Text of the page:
These 3 Oil Stocks Will Explode as World War III Alarm Goes Off

These 3 Oil Stocks Will Explode as World War III Alarm Goes Off
  • Oil prices surge after US forces kill Iranian general, under Trump’s orders.
  • Armed conflict between the US and Iran could destabilise oil supplies sending prices further up.
  • Three oil stocks already enjoy high analyst favorability ratings, giving them potential for more upside as tensions in the Middle East rise.

The killing of the Islamic Revolutionary Guards’ leader General Qasem Soleimani by US forces has oil prices surging. With the rise in oil prices, oil stocks are bound to follow in the same direction.

In the immediate aftermath of the top Iranian general’s killing, oil prices rose by as much as 4% before paring back some of the gains. However, this is unlikely to be the end of the matter. Iran is expected to retaliate and this could affect oil supplies globally.

Source: Twitter

Is there a reason to buy oil stocks now?

While Iran is not expected to go toe-to-toe in a war with the United States, it could strike at major oil-producing US allies in the Middle East. One possibility is “backing attacks on oil infrastructure in the Persian Gulf and the rest of the Middle East”, according to CNBC.

This could place a strain on crude supplies globally further sending prices up. Last year, Iran was blamed for drone attacks on oil processing facilities in Saudi Arabia. This action resulted in the disruption of around 5% of global oil production. While it is not yet clear how Iran will retaliate, the scale of damage could be larger.

Additionally, Iraq, where the head of the elite Quds Force of the IRG was killed, could turn out to be the “theater” of action between the US and Iran. This could further disrupt oil supplies as Iraq is the second-largest producer of oil among OPEC countries.

Does this mean any oil stock is worth opening your wallet for? If analyst ratings are anything to go by, with the exception of one megacap oil stock, it is not the usual suspects such as Exxon Mobil (NYSE: XOM), and Royal Dutch Shell that you should be buying. Rather it is the lesser-known players who have more upside potential.

Here are the oil stocks that are worth your consideration:

Diamondback Energy

Diamondback Energy Inc (NASDAQ: FANG) is mainly an upstream player with a market cap of 14.87 billion as of January 2nd. Currently, the stock of the Midland, Texas-headquartered firm boasts of 33 BUY ratings and no SELL rating from analysts.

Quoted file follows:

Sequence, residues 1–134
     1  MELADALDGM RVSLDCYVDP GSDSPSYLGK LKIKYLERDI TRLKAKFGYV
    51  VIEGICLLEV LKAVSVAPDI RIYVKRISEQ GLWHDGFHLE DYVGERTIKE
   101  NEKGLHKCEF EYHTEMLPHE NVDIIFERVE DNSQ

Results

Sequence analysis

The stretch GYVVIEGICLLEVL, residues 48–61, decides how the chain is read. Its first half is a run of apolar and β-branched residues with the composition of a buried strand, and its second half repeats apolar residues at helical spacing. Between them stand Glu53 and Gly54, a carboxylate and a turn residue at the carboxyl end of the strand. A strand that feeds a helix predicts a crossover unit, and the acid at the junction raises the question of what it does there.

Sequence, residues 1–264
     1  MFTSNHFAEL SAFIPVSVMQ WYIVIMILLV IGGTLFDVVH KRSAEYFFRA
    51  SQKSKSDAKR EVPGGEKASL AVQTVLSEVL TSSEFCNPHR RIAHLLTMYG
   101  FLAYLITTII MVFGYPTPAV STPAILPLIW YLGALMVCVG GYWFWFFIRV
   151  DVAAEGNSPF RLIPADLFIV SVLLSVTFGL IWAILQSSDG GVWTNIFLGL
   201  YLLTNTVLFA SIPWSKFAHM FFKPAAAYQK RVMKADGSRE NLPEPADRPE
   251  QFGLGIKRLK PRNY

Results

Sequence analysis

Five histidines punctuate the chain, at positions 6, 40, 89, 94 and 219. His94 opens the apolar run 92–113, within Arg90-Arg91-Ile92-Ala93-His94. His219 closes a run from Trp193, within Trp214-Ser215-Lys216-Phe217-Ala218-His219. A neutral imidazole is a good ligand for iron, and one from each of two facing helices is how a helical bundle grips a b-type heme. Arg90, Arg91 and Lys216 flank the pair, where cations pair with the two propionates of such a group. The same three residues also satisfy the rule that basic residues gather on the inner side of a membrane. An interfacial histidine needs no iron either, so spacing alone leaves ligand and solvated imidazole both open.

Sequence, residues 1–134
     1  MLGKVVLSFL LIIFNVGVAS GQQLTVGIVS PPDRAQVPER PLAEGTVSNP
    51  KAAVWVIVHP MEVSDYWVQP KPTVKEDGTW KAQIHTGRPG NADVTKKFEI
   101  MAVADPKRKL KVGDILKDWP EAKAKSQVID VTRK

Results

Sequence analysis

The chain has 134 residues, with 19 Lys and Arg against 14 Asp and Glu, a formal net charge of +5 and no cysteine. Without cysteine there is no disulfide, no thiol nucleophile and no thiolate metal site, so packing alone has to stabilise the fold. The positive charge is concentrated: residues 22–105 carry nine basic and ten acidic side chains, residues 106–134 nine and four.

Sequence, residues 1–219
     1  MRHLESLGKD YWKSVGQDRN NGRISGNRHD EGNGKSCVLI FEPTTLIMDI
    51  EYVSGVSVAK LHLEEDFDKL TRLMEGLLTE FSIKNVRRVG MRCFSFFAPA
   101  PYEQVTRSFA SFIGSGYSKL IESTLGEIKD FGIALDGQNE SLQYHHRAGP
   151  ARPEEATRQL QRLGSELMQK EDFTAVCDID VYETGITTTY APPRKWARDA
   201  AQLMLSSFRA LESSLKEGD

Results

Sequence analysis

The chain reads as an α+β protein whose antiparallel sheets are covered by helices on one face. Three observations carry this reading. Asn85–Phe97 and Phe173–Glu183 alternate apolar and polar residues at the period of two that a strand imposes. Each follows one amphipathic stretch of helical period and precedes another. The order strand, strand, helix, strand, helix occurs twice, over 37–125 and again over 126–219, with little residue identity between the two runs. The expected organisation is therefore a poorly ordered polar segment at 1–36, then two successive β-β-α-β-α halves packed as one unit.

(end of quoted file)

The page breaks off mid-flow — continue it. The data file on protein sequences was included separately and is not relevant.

Diamondback Energy currently has 33 BUY ratings | Source: WSJ

The average stock price target is $123.36. With the stock currently at $92.65, that represents an opportunity for a 33% gain.

The oil stock has a P/E ratio of 13.38 making it relatively cheap when paired against energy giant Exxon Mobil. The latter commands a P/E ratio of 20.66.

Marathon Petroleum Corp

Marathon Petroleum Corp (NYSE: MPC) is more of an integrated downstream player providing oil refining, marketing and transportation services. The Findlay, Ohio-based firm boasts a market cap of 40.2 billion. The stock currently boasts a total of 15 BUY ratings and zero SELL ratings.

Marathon Petroleum Corporation has 15 BUY ratings | Source: WSJ

The average stock price target of Marathon Petroleum Corp is $80.24. With the oil stock currently going for $61.91, this represents an upside opportunity of 29.6% if the expectations of the analysts materialize.

Chevron Corporation oil stock

Yes, Wall Street analysts are recommending the lesser-known oil stocks but this is one exception. Compared to Diamondback and Marathon, Chevron Corporation (NYSE: CVX) which is valued at $229.61 billion, enjoys a market cap that is several times the two combined. Among analysts, 16 have issued a BUY rating on Chevron with no SELL rating.

16 BUY ratings for Chevron Corporation | Source: WSJ

The stock of the San Ramon, California-headquartered energy multinational closed Thursday’s trading at $121.43. With the average stock price target being $136.13, there is a potential for a 12% gain. Chevron’s P/E ratio is 17.41.

This article was edited by Samburaj Das.

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